Lunes, Pebrero 6, 2012

The Gantt Chart: Already Dead Or Still Alive?

Recently, I was confronted with the provoking statement: "Henry Gantt is dead since almost 100 years, and virtually his charts are too." I did not reply, but decided to give this a thought.

The hypothesis that something is considered to be dead automatically means that it turned out alive before. As we are not referring to someone here but of a visualization technique, dead and alive quite simply signify this method were built with a value previously but is regarded as no longer needed nowadays. Hence, it may be worthwhile to lock into the past when knowing how to make a Gantt chart not just was seen as valuable, but in addition as revolutionary tool. This may reveal even more insights why it may have ended since then.

Environmental surroundings, for which Henry Laurence Gantt invented his charts, was the assembly industry and also the prime use case was the advance of managerial decision-making within the scheduling process. The design of the Gantt chart followed the question which information a foreman or supervisor needed to see to be able to quickly understand whether a production was on schedule, beforehand or running late. Gantt introduced the thought to make use of time and resource usage no longer quantity being a yardstick for making scheduling decisions, and created various types of charts depending on the individual needs of the production managers. These executives at that time were required to manage bottlenecks, were meant to deal with uncertainty, and needed to handle everything resulting from the still high degree of human contribution to industrial production. For this environment, Henry Gantt created a chart that summarized all relevant information at one glance to enable managers making profound scheduling decisions.

In summary, the Gantt chart have been alive if the following characteristics were met: It must be production environment where decision support for scheduling processes were needed and required context-sensitive information ("for individual needs") at one glance taking into consideration time and resource usage as crucial determinants.

What has changed since that time to declare the Gantt chart dead?

Although we are heading for the so-called service society, the cumulative net output of the manufacturing industry still counts for longer than 25% from the global GDP (source: World Bank). Undoubtedly, this sector continues to have its relevance. Competition is increasing and lots of products a growing number of become a commodity. Both trends drive a margin pressure particularly in the manufacturing industry. This allows making the first assumption that scheduling processes are becoming a lot more important, and therefore the equipment providing decision support for scheduling tasks.

This assumption may be endorsed by three core evidences: First, it seems like being sound judgment that point can be a key success factor for production companies. An underlining evidence because of this common sense can based on considering common key performance indicators such as time-to-market or production methodologies like just-in-time. This enhances the question why a time-focused scheduling tool is certainly outdated. Second, considering that the good old days of Henry Gantt the ratio fix costs to variable costs continues to be becoming more and more fix cost-savvy. This can be as well as true for production environments. In fix cost-intensive areas, people normally have to place a higher focus on the ideal resource usage to make maximum utilization of the fix cost-driving capacities. Again, the question must be raised why a resource-focused visualization to support scheduling decisions ought to be outdated in such a scenario. Third, one should take a look at decision support itself. The delivery of context-sensitive information has arisen as one candidate for becoming a new paradigm for the style of decision support systems. This becomes a lot more relevant if a person takes the tremendous data growth into consideration. Henry Gantt meant to create exactly this. His charts were meant being a context-sensitive tool to boost time- and resource-based scheduling decisions. For your third time the question needs to be raised why this really is considered as outdated. The alternative appears to be true: For manufacturers, there is certainly more requirement for a Gantt chart than previously.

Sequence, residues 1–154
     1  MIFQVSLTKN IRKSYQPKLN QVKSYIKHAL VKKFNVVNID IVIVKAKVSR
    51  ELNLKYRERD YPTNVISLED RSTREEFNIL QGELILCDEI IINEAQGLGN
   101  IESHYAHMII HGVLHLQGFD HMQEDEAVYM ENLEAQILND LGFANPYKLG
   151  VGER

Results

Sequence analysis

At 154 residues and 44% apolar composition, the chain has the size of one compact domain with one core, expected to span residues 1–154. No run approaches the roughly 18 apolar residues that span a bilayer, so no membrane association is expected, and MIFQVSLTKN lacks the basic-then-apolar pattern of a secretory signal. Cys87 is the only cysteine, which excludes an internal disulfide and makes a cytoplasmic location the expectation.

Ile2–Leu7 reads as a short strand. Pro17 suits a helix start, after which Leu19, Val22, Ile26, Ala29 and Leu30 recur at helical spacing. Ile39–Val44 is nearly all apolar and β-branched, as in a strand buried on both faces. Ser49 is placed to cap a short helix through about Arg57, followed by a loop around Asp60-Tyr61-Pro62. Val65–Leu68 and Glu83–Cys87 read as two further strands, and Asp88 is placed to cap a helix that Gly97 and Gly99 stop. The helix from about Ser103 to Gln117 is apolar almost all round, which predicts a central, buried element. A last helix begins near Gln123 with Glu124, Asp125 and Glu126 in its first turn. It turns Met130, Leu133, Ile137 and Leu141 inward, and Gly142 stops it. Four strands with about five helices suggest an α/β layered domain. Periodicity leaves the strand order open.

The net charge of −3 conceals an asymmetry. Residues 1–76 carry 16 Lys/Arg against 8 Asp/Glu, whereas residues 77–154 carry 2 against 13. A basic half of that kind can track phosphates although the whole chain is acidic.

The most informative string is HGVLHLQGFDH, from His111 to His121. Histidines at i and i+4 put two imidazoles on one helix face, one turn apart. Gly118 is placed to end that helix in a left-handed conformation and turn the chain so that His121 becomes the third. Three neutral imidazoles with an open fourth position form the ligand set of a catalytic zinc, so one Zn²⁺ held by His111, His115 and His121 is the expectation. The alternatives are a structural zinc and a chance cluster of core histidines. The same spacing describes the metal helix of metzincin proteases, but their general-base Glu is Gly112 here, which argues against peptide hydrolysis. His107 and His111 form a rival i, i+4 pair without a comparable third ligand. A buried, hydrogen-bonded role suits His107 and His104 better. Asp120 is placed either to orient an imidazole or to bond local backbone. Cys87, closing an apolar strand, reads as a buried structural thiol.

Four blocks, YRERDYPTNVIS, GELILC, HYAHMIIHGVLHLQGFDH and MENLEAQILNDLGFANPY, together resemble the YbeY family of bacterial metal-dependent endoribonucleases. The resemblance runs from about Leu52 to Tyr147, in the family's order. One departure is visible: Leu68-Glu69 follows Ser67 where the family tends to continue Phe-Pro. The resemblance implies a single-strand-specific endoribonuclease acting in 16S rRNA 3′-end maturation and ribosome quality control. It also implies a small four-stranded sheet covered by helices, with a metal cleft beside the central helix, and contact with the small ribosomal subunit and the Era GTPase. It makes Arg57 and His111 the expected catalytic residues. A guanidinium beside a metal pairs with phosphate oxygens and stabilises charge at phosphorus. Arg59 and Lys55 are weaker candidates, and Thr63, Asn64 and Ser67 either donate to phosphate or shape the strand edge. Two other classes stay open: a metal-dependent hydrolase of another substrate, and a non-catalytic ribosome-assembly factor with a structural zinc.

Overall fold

Finally and fair enough: lots of "the Gantt is dead" advocates range from project management industry. This unique use case of a Gantt chart hasn't been analyzed here. The main focus here would have been to prove that the Gantt chart as Henry Gantt invented it, still is alive and needs to become alive within the production industry.

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